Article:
A Runcorn family has teamed up with food giant McCain and children’s charity Family Fund to highlight the barriers faced by families raising disabled and seriously ill children.

TV personality and autism awareness advocate Christine McGuinness has been looking at the impact lockdown has had on family mealtimes and family life.

Almost nine out of ten families raising disabled or seriously ill children (87 per cent) reported that the pandemic has negatively impacted their mealtimes, according to Mealtimes for All research, with nearly half of parents agreeing that the needs of their children stopped them coming together to eat.

Kirsty Waite and her husband Hayden live in Runcorn with their son Noah and their daughter Heidi, who has cerebral palsy.

They met up with Christine, who is married to Top Gear presenter Paddy, to talk about their shared experiences as part of a new campaign from Family Fund and McCain, who has pledged £1million, providing the charity with 150,000 grants for families with disabled or seriously ill children.

Runcorn and Widnes World:

The partnership supports McCain’s We Are Family series, which aims to champion real life British families and explores their differences.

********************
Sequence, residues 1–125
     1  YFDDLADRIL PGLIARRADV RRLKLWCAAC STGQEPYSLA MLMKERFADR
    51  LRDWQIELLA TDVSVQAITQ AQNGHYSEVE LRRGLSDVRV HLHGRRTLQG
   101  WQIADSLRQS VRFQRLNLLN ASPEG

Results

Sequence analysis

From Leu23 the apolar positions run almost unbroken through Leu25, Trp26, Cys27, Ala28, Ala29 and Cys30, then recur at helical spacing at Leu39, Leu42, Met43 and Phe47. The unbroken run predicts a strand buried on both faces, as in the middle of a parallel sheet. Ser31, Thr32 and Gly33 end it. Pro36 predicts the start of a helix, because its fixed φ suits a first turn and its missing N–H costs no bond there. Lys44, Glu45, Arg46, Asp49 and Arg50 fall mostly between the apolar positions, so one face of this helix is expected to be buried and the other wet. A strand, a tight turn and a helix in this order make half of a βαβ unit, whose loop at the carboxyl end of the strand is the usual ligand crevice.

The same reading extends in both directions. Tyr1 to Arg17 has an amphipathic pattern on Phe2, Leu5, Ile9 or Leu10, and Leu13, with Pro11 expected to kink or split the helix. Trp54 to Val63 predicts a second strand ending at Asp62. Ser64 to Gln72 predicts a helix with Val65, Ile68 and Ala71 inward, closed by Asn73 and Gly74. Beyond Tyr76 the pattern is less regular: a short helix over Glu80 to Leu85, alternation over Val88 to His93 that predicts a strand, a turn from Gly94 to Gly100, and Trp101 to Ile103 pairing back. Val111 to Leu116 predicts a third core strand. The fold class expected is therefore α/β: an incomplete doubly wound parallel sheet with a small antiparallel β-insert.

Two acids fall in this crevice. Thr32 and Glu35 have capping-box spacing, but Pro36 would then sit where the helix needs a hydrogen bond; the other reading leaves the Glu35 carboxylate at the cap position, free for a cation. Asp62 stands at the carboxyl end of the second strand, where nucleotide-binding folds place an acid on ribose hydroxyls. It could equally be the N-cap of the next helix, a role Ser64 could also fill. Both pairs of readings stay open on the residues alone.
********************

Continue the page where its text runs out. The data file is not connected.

Kirsty said: “Being a parent is the most special job in the world but it’s certainly not without its challenges, particularly over the past year.

“The extra support that Family Fund has given to our family, such as providing Heidi with an ipad to help with her school work, has been invaluable.

“It has freed up time for me and my husband to focus on things that help us spend more quality time together, such as preparing family meals.

Runcorn and Widnes World:

“The support McCain is giving Family Fund will make such a difference to other families like mine, where special family moments mean so much.”

During lockdown, the Waite family introduced Sunday meals together followed by a board game and cherished the “pockets of quality time together”.

Christine said: “As a mum of three amazing children with autism, I understand the additional challenges faced by many families across the country raising disabled or seriously ill children.

“While myself and my husband have embraced more time with our children over the last year, there is no doubt we’ve faced our share of struggles and tougher moments too, which makes those quality moments together, like mealtimes, all the more important.”

More than half of families raising disabled children fear that things have become worse during the pandemic with 58 per cent saying they have become more lonely or isolated in lockdown.